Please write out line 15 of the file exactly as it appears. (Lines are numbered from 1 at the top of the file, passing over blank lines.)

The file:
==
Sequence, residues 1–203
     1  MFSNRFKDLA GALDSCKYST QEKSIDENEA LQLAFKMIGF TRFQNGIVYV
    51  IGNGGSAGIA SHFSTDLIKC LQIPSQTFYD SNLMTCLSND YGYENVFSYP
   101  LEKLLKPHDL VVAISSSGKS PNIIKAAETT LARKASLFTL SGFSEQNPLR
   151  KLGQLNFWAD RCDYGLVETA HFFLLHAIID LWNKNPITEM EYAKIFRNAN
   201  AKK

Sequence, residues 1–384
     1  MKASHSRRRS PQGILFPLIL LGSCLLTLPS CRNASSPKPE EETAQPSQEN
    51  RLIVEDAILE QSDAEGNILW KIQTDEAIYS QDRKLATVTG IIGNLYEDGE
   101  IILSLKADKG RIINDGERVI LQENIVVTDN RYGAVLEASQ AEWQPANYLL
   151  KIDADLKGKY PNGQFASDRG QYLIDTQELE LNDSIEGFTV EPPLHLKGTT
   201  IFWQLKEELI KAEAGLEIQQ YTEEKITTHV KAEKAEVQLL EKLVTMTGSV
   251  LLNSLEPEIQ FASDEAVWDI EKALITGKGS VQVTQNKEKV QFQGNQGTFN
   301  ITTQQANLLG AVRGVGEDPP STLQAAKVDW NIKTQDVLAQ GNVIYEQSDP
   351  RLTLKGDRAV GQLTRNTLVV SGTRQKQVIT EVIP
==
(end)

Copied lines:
   351  RLTLKGDRAV GQLTRNTLVV SGTRQKQVIT EVIP